Saturday, June 20, 2009

Confusing terms

Many times, words seem to be simple enough but as with men, the face can be deceptive. For instance, ‘parisology’ has nothing to do with Paris, but refers to the use of equivocal or ambiguous language. It comes from the ancient Greek word ‘parisos’ that means ‘almost equal, balanced’ and ‘logos’ that means ‘word’. Similarly, the composition of ‘woebegone’ indicates a lack of sorrow but it means ‘affected with, or exhibiting, woe’. It is made up of the Middle English woe or sorrow and begon or beset.

Another set of words that can confuse any reader is the set made up of the words ‘suffragan’, ‘suffrage’, ‘suffragette’, ‘suffragist’, ‘suffragi’ and ‘sufferance’. Etymology comes to the rescue of innocent bystanders again, because the roots of these words resolve the confusion. The first four share a common origin as they all come from the Latin ‘suffragium’ that means ‘assistance or intercessory prayers’. Coming to the derived words, one, ‘suffragan’ refers to a bishop appointed as an assistant to a senior, two, ‘suffrage’ refers to the right to vote and the pronouncements made by a priest in church with the vocal support of the congregation, three, ‘suffragette’ is any woman seeking the right to vote through an organised protest and a ‘suffragist’ is any other person who helps her. ‘Suffragi’ owes its origin to the Arabic word ‘sufra’ or ‘food’ and is used to refer to a waiter in Arabic-speaking countries. The last teaser, ‘sufferance’ comes from the Latin ‘sufferre’ that referred to the pain of childbirth and later came to refer to the act of suffering. It is used in two senses, one, passive tolerance and two, the capacity to endure pain.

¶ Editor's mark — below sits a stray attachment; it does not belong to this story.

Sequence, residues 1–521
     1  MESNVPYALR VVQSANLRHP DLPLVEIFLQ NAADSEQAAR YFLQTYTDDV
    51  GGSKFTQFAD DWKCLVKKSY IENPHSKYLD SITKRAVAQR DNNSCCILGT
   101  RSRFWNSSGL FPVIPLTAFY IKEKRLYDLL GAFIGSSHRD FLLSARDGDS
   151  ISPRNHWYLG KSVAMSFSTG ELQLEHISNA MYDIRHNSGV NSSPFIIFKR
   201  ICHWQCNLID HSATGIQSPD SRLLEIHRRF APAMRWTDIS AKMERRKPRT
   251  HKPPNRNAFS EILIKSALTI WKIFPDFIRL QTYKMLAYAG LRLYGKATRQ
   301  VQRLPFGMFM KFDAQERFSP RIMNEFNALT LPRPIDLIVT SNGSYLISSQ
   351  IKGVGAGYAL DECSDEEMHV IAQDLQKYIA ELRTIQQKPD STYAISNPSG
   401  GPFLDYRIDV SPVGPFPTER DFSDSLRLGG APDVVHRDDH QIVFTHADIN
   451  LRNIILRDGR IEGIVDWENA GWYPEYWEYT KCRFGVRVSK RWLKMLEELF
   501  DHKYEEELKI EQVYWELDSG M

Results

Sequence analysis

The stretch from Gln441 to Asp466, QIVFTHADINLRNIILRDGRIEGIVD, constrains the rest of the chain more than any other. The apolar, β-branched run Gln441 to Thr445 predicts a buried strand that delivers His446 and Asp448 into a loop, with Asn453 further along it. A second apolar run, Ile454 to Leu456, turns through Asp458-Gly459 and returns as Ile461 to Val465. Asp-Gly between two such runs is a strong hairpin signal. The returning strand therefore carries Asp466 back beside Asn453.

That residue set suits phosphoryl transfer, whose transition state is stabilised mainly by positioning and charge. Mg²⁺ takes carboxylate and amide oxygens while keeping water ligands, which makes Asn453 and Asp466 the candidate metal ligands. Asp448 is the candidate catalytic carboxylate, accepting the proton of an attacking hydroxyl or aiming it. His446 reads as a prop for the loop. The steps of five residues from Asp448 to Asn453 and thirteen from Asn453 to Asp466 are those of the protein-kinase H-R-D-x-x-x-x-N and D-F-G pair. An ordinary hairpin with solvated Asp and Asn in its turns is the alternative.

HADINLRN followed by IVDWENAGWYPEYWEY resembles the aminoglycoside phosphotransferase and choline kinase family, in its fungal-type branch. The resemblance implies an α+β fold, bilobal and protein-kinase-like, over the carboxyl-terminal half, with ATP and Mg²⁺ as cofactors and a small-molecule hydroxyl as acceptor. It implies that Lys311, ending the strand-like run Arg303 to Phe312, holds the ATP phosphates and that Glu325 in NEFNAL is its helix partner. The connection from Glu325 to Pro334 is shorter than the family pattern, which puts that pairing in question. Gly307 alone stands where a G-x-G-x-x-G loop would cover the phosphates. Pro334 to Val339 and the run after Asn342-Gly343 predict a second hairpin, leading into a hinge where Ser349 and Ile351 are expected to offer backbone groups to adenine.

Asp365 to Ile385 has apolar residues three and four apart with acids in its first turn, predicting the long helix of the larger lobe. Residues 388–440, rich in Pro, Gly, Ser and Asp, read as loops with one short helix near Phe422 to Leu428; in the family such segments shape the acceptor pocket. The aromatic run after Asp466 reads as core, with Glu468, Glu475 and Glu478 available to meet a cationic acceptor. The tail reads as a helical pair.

Sometimes, etymology can take one for a ride as well. A classic example is the word ‘sub’ that is used in many places as a prefix. As a prefix, it can be used in five senses: one, at/ to/ from a lower level as in subalpine or subatomic, two, somewhat/nearly/more or less as in subantarctic, three, subsequent or secondary action as in sublet, four, support, as in subjunctive and five, minor role as in suboxide.